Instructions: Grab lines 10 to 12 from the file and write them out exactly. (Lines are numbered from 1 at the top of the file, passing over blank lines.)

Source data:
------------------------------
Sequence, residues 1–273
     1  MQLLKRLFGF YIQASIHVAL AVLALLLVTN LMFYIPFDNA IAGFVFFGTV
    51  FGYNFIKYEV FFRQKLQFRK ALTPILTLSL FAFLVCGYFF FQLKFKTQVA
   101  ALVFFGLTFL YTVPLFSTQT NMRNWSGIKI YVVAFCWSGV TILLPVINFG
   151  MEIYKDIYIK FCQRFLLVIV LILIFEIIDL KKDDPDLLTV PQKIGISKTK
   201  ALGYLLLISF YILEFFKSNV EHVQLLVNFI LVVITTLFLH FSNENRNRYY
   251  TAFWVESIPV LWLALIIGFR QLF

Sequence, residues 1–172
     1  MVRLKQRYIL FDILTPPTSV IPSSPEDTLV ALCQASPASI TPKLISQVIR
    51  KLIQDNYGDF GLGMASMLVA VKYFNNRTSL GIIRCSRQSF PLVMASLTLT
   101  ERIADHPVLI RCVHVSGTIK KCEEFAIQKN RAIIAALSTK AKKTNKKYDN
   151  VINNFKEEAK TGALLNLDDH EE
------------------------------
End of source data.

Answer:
    51  KLIQDNYGDF GLGMASMLVA VKYFNNRTSL GIIRCSRQSF PLVMASLTLT
   101  ERIADHPVLI RCVHVSGTIK KCEEFAIQKN RAIIAALSTK AKKTNKKYDN
   151  VINNFKEEAK TGALLNLDDH EE